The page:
This will help you to build an effective plan for hitting tee-shots that reduces your mistakes and leads you to lower golf scores.
If you have a tendency to hit your approach shots too short (a very common mistake) you need to change your club selection strategy by putting more club in your hands and not less.
To do this you need to learn how far you can hit each club in your bag with a high degree of certainty.
You should never force your irons or hybrid to go a particular distance, rather you should attempt to make every stroke with the same consistent stroke tempo with every club in your bag.
Then learn how far each club goes based on this simple strategy.
As the old saying in golf goes; “swing the golf club within yourself” which simply means to swing your golf clubs at a tempo where you can produce balanced golf swings more than ninety percent of the time and also produce consistent club-head speed.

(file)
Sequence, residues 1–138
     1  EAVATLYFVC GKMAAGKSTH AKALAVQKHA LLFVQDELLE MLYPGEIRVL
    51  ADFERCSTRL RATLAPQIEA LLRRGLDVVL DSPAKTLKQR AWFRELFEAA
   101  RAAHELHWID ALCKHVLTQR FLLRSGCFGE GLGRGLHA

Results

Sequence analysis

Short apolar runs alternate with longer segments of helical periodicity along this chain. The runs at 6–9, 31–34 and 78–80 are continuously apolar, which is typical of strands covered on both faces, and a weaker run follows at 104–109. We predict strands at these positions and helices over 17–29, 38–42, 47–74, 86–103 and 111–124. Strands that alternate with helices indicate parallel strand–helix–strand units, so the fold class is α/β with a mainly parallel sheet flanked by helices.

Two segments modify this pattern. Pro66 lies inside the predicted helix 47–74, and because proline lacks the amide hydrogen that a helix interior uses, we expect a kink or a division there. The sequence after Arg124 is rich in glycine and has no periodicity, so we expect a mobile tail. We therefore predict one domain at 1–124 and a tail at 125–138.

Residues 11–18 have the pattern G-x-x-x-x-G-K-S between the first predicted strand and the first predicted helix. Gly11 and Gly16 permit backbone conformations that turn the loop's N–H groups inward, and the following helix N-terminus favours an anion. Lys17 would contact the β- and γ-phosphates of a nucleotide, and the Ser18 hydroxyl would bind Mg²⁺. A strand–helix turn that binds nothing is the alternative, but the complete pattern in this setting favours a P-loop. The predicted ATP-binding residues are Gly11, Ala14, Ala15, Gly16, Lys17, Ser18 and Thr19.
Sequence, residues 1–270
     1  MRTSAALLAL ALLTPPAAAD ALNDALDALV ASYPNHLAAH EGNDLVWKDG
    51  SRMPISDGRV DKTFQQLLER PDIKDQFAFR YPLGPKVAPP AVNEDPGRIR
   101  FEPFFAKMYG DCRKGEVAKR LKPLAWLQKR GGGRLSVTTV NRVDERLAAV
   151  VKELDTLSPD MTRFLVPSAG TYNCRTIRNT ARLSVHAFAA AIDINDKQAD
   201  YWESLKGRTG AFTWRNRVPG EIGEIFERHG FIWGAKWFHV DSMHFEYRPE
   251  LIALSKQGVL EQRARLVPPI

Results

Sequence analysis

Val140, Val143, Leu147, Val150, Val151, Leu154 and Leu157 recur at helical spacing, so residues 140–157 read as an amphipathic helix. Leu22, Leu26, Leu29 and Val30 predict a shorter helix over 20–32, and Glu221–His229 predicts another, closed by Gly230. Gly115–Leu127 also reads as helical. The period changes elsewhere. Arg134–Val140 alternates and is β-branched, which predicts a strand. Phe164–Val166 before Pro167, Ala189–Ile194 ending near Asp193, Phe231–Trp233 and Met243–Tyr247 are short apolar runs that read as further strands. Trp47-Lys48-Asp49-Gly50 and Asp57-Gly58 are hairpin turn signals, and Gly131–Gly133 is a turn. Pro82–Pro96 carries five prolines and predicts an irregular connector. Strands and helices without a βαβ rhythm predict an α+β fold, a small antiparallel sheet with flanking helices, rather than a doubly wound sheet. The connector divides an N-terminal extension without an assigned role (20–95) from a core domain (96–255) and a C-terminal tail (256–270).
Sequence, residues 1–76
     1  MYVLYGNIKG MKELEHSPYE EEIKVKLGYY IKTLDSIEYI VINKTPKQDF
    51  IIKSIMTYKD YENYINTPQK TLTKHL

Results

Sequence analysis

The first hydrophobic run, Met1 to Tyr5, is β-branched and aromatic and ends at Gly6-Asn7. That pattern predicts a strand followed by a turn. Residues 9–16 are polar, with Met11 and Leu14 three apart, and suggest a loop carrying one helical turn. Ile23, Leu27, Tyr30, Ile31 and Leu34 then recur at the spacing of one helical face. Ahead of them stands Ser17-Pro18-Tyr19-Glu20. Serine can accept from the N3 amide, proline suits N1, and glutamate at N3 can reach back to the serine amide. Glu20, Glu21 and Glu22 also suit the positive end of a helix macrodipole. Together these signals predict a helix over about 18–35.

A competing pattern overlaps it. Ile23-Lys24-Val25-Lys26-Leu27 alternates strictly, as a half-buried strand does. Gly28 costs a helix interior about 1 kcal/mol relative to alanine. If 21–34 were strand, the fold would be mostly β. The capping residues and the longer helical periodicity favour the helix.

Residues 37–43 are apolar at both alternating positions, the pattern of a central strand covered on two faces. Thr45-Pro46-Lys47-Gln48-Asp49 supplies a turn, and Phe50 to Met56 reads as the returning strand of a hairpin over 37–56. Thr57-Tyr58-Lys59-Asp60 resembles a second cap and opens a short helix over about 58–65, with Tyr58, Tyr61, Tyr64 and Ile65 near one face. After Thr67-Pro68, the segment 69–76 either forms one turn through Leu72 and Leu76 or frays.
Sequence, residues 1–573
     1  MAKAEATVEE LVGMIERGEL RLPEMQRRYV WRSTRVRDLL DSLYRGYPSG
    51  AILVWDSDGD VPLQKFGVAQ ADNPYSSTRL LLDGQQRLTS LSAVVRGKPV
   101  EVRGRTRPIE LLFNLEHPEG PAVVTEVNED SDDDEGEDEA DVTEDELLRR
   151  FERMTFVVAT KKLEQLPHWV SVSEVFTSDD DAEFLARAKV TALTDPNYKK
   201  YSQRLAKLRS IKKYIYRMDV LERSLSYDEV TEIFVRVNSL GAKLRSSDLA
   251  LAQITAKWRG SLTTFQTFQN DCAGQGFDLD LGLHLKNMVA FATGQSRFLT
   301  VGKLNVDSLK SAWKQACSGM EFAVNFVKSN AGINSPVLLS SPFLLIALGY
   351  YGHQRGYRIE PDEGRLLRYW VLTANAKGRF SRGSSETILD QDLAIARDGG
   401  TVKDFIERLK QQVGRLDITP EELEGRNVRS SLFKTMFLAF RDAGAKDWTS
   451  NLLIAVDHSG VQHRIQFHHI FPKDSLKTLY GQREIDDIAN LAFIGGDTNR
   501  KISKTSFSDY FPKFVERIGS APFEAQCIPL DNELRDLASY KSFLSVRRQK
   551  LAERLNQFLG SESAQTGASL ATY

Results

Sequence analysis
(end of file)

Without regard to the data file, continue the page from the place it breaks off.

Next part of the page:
The Third Type of Mistake
The third type of mistake you can make is making mistakes because of poor thinking which can and often leads to errors in either technique execution, hole and shot judgement or both.
Poor mental thoughts plague every golfer from those starting out in golf to those at the very top of the professional game.
Poor mental thinking describes your internal perceptions that you pay attention to as you play your golf shots and these perceptions influence your feelings, your emotions and your outcomes.
Your perceptions are recognized in different ways from internal dialogue (self talk), to different forms of mental imagery (visualization), as well as bodily sensations (feels).
Your perceptions can and do influence mistakes if you don’t have a useful internal strategy for managing them.
The important thing to understand about your mental mistakes (just like technique mistakes and judgement mistakes) is that mental mistakes can be managed effectively by first of all teaching yourself to recognize the internal differences between when you play good golf shots and when don’t.
Start to notice what the difference is on the inside.
How do you know when you hit good shots and how do you know when you don't?
We have noticed that successful golfers have a useful internal strategy for getting to good golf shots, and they have developed a very specific internal strategy for managing their bad golf shots as well.